Moody's: Ethiopia's credit profile balances high growth and low debt costs against challenges
Ethiopia's B1 rating and stable outlook reflects its strengths, including high growth levels and low debt-servicing costs, set against challenges such as high inflation, low per capita income, low foreign exchange reserves and a weak institutional framework, Moody's Investors Service says in an annual report today.
“Ethiopia's economy has grown rapidly over the last decade and we expect GDP growth of around eight per cent over the next few years, which will bolster its fiscal position,” said Aurelien Mali, Vice President -- Senior Credit Officer and co-author of the report. “While the authorities' efforts to diversify the economy support creditworthiness, Ethiopia also faces a number of credit challenges, including vulnerability to political risk and weather cycles and price volatility for coffee and gold.”
Moody's assessment of Ethiopia's fiscal strength as "Moderate" reflects the country's low debt burden, favourable debt structure and affordable interest payments. Other factors include its low government revenue ratios, sizable potential contingent liabilities from the state owned enterprises, and a high proportion of foreign-currency debt within the government's borrowing portfolio.
The government has recorded low and stable deficits averaging -1.9 per cent of GDP between 2008 and 2016. This has been achieved through prudent spending controls in the face of fluctuating grant financing, as well as efforts to mobilise domestic revenues alongside an increase in nominal expenditure. Moody's expects the central government deficit to remain at around 2.5 per cent of GDP in the coming years.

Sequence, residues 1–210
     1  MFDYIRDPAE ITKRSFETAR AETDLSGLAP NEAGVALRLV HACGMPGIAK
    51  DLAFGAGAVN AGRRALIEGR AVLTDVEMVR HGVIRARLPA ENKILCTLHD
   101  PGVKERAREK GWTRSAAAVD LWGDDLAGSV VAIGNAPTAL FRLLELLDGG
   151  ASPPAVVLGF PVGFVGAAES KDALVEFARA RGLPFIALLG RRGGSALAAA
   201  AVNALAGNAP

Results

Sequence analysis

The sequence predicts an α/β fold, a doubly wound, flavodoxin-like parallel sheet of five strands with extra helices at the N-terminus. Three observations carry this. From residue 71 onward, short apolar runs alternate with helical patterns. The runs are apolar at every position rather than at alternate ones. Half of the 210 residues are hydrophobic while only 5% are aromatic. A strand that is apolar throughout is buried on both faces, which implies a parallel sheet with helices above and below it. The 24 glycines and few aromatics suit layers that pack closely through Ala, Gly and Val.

Ethiopia's central government debt is low compared to its peers at around 27.6 per cent of GDP in 2016. Although debt remains low, it has increased slowly to fund large capital projects and Moody's expects this trend to continue as Ethiopia works on large-scale infrastructure projects under its Growth and Transformation Plan.
Ethiopia faces high political risks stemming from its geographical location and the domestic political environment. The country is surrounded by a number of conflict zones and tensions with Eritrea remain high following a war in 1998-2000. The conflict in South Sudan has led to large numbers of South Sudanese refugees fleeing to Ethiopia.
While upward pressure on Ethiopia's sovereign rating is unlikely in the short-term, export diversification, the completion of infrastructure programmes and a lessening of domestic and geopolitical tension in the region would all be positive.
On the other hand, downward pressure would stem from an acceleration in external debt levels and difficulties in securing concessional external financing, which would put downward pressure on international reserves.
Major delays or interruptions in key infrastructure projects that hinder medium-term growth prospects and foreign exchange generation capacity would also weigh on the rating.